By: Archive360 Team on February 14th, 2019

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Data Sovereignty and the GDPR; Do You Know Where Your Data Is?

Azure | Archive2Azure | GDPR | privacy

With the rising popularity of cloud computing and Software as a Service (SaaS) solutions, data sovereignty issues have become a greater focus and risk for Chief regulatory Officers (CRO) and General Counsels (GC). Data sovereignty is a country-specific requirement that data is subject to the laws of the country in which it is collected or processed and must remain within its borders. Many countries have had these laws for decades, and new privacy laws such as the GDPR are only making them more prominent. For example, countries like Russia, China, Germany, France, Indonesia, and Vietnam (to name a few) require that their citizen’s data must be stored on physical servers within the country’s borders. They argue that it’s in the government’s and their citizen’s interest to protect personal information against any misuse, especially outside of the country’s jurisdiction.

To complicate matters further, there are two terms that are used interchangeably (but incorrectly) by many to mean the same thing – data residency and data sovereignty. In reality, they have slightly different legal meanings so you must be careful when asking questions of vendors:

  • Data residency is where a business specifies that their data is stored in a specific geographic location of their choice. An example of a data residency requirement in action is where a company wishes to take advantage of a better tax regime.
  • Data sovereignty differs from data residency in that not only is the data stored in a designated location – usually due to regulatory requirements – but is also subject to the laws of the country in which it is physically stored. Data subjects have different privacy and security protections according to where the data centers are located. So, to take advantage of the protections of a country’s specific privacy laws, some nations require local storage and highly regulate how or the data can be moved out of the country and for what reason.


Data sovereignty & GDPR, then and now

In reality, multinational corporations have been (hopefully) following a complex environment of maintaining data sovereignty across many countries for decades. For example, many years ago, while assisting on an internal investigation at a Fortune 50 multinational, we requested old emails for several employees from a division in France. We were quickly told that they could not turn the data over, even to company representatives, to anyone outside the country without the “worker’s committee” approval. I later found this was a French national law and ignoring it would trigger huge fines.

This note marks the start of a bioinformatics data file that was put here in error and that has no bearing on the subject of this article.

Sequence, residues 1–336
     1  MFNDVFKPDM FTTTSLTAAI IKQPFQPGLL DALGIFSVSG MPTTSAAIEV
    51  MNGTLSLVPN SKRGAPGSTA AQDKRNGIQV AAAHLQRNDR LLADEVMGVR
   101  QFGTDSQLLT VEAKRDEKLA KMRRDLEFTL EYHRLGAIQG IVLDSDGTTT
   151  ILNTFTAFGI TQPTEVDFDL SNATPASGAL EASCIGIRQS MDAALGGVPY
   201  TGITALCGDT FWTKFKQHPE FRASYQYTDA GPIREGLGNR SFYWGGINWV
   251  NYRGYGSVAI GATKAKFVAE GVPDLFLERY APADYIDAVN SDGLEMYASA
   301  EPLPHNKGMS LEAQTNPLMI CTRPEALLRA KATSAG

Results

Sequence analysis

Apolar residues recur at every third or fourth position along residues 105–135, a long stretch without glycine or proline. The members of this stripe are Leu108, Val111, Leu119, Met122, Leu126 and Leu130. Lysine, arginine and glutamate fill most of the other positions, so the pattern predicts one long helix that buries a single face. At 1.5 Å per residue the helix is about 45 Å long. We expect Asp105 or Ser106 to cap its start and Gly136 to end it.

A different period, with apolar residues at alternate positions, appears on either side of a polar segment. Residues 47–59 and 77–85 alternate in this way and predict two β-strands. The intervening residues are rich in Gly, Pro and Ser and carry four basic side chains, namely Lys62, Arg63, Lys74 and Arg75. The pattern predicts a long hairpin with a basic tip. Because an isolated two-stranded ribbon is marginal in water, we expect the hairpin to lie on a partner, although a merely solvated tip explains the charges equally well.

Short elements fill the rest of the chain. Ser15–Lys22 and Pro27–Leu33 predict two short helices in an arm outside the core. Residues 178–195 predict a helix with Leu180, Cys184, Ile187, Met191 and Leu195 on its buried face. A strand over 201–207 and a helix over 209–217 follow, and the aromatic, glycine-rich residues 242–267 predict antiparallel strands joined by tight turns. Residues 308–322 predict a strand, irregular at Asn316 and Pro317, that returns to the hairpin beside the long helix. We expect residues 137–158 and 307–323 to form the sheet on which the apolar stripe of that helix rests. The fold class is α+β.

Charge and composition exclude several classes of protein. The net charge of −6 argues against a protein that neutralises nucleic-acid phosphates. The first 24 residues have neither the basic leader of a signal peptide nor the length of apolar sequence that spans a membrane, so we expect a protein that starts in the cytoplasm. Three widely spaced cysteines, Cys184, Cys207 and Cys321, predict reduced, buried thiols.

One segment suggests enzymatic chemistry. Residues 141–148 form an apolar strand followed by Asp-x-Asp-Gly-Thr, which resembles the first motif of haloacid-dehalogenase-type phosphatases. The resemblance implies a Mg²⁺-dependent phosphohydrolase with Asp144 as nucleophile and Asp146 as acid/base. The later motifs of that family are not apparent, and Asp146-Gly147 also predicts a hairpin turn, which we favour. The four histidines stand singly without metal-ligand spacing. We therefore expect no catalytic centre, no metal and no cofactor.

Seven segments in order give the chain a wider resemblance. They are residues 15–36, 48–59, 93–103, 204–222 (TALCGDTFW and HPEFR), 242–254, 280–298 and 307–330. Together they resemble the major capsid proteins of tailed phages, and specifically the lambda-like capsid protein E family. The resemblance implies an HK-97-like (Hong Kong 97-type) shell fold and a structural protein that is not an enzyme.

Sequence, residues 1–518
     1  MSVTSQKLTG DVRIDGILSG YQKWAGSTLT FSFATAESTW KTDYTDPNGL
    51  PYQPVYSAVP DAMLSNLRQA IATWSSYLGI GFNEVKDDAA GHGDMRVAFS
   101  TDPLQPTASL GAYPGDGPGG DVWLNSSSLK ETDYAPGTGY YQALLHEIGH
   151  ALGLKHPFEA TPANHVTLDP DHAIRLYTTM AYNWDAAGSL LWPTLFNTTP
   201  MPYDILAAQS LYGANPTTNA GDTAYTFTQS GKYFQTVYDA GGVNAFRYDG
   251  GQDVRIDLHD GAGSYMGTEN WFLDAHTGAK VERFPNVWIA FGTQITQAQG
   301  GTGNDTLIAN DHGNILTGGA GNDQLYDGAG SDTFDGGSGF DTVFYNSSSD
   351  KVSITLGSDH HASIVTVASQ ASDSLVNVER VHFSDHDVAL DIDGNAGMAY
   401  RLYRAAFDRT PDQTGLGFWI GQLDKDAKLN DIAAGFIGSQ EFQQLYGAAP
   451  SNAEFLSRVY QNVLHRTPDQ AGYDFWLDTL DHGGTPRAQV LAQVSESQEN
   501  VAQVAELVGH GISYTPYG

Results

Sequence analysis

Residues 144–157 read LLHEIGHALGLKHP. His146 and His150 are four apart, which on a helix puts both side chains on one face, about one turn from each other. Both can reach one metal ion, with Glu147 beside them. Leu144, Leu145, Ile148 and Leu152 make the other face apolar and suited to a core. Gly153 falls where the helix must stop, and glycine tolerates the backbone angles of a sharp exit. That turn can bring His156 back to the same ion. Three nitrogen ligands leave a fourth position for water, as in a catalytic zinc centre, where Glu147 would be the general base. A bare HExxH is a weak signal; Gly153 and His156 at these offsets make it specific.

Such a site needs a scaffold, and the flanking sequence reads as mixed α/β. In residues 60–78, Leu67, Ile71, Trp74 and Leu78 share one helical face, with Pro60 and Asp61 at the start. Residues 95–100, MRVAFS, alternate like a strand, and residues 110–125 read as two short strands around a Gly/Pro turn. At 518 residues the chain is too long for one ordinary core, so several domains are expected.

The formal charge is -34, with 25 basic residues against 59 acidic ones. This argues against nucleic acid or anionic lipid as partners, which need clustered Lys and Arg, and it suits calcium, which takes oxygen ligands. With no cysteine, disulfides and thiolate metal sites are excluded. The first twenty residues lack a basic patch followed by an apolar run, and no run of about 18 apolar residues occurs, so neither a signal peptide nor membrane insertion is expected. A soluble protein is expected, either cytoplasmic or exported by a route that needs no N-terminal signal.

Now, with the advent of the EU’s GDPR and the huge fines that go along with it, organizations have begun to take a much more serious look at their data sovereignty requirements and capabilities.

Location, location, location

The three largest public cloud vendors, Microsoft, AWS, and Google, have built cloud data centers in countries around the globe, specifically to address the data sovereignty issues. However, many second and third-tier SaaS cloud vendors either offer only one or two data centers or, if relying on one of the big three public cloud vendors for their cloud infrastructure, have contracted to use only one of their data centers. To compete for data sovereignty business, a SaaS cloud provider will need to offer multiple data center locations based on local regulatory requirements, or specify which data sovereignty regulations they meet – based on data center locations. Additionally, the SaaS provider would also need to offer data orchestration, i.e., allow the company, to either manually or programmatically choose where data is stored based on geographic location as well as incorporate access and security controls based on local regulations.

Data sovereignty and the GDPR

Besides the “right to be forgotten” provision of the GDPR, the other obvious provision that companies are paying attention to is that of data sovereignty. The GDPR requires that all data collected on citizens must be either stored in the EU, so it is subject to European privacy laws, or within a jurisdiction that has similar levels of protection. Additionally, it applies to both data controllers and data processors so, whether your organization uses or provides a cloud service that processes EU resident data, your company is directly affected.

Data sovereignty and the courts

Litigation often spans country borders, but how is eDiscovery and data sovereignty handled when data generated and stored outside the United States? Many countries have laws that stipulate that data created in a particular country must also be stored in that same country. However, during a lawsuit’s legal discovery phase, supporting content can be requested no matter where that data is stored.

A landmark case began in 2013 which collided head-on with country data sovereignty and corporate rights. American law enforcement sought data on a user of Microsoft services in relation to a drug trafficking case; Microsoft argued in Microsoft Corp v. United States that the data in question was located exclusively in a data center in Ireland and argued that the data held exclusively on Irish servers were not subject to U.S. jurisdiction. A federal court issued a warrant under the Stored Communications Act against Microsoft for both personal user data and email.